Despite the freedom to roam forward, Aurier was still required to defend and he did so with aplomb, posting great tackle and interceptions numbers for Toulouse:

Debuchy defense


That said, Debuchy is one of the Premier League’s most prolific tackling fullbacks. He won 17% of Newcastle’s tackles while only committing 10% of their fouls. His high foul number, however, in part comes from the fact that he is a 55% tackler. Sagna is a 57% tackler and Aurier is the most efficient of the three at 65%.  Aurier still posted high foul numbers because (DUHHHH) not all fouls come from bad tackles. All three players were very good in terms of errors, with Aurier topping the bunch with 2, though, that’s not a bad number. A bad number would be 6, that’s how many defensive errors Thomas Vermaelen made two seasons ago.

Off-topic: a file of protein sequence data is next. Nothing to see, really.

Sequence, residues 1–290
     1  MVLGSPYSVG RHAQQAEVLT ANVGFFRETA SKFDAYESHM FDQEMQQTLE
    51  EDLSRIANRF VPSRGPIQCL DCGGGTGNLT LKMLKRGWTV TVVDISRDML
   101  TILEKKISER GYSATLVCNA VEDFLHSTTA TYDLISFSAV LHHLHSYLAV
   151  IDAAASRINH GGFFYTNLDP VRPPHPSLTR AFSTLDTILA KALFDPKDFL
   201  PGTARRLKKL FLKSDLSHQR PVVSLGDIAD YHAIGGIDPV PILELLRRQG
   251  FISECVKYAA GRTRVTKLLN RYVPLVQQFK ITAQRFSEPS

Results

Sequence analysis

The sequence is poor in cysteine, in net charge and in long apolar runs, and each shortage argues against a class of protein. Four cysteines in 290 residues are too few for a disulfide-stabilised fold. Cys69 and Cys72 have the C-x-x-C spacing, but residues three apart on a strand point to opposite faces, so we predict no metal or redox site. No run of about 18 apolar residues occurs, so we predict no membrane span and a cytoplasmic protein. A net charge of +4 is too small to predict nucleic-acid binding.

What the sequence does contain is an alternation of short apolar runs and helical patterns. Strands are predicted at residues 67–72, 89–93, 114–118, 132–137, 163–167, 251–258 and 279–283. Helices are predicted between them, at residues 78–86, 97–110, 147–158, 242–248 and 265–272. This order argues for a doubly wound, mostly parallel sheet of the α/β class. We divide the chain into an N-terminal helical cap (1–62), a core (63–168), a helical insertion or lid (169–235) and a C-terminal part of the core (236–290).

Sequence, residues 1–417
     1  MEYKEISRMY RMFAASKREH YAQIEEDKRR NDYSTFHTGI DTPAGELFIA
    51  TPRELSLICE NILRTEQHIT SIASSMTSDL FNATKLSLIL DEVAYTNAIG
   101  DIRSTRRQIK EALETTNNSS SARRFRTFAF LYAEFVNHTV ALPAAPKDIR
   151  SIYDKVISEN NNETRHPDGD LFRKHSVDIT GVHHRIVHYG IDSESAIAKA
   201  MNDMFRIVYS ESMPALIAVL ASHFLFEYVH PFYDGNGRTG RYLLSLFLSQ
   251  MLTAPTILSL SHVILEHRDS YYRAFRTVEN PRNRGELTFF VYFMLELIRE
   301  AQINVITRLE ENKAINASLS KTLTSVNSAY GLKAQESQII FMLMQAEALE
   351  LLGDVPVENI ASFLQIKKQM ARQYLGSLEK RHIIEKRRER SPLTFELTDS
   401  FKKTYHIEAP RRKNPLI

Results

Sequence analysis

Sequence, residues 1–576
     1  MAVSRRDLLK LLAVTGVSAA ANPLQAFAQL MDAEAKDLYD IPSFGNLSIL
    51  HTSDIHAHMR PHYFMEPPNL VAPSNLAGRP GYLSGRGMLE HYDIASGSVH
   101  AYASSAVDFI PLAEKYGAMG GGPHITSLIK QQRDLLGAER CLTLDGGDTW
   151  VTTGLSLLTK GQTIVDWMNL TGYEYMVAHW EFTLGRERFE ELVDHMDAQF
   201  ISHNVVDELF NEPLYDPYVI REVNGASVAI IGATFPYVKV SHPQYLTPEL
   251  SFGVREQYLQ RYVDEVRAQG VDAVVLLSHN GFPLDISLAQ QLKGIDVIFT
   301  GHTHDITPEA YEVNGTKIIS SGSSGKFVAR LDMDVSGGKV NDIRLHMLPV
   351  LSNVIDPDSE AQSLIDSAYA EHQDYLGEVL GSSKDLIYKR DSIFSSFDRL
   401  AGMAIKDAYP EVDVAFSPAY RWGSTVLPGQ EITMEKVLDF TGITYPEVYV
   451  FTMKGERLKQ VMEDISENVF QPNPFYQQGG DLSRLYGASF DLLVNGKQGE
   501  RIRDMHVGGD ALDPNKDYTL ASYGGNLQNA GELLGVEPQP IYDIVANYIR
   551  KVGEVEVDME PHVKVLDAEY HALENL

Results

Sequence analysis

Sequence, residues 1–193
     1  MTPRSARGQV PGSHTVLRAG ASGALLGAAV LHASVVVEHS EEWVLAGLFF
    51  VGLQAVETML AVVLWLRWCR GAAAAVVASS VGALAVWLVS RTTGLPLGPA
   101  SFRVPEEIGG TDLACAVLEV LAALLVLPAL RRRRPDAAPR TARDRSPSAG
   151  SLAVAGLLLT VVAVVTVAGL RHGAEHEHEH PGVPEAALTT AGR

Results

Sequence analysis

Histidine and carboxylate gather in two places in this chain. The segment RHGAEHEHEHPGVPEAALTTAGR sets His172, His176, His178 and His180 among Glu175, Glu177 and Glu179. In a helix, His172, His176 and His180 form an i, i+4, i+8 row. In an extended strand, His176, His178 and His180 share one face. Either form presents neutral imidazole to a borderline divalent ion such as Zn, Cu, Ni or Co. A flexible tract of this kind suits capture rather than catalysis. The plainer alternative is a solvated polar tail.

As you can see t this point, Sagna and Debuchy are very similar in terms of defending and in their attacking responsibilities. I have to wonder if Debuchy can pick up Sagna’s passing numbers but I’m not overly concerned there either because he isn’t a terrible passer by any stretch.

But there’s one other area that is crucial at Arsenal for the right back and that is in aerial duels. Bacary Sagna is only 5’8′ but he has an uncanny knack for winning headers. Winning headers isn’t all about size; determination, timing, and leaping ability all play a huge part and Bac had that part down pat. In fact, Bac was so strong in the air that he was often used as an outlet for Szczesny’s long kicks. As a result, before Giroud showed up, Sagna led Arsenal in aerial duels won per game and in aerial duel percentage and he is still #1 and 2 in those departments.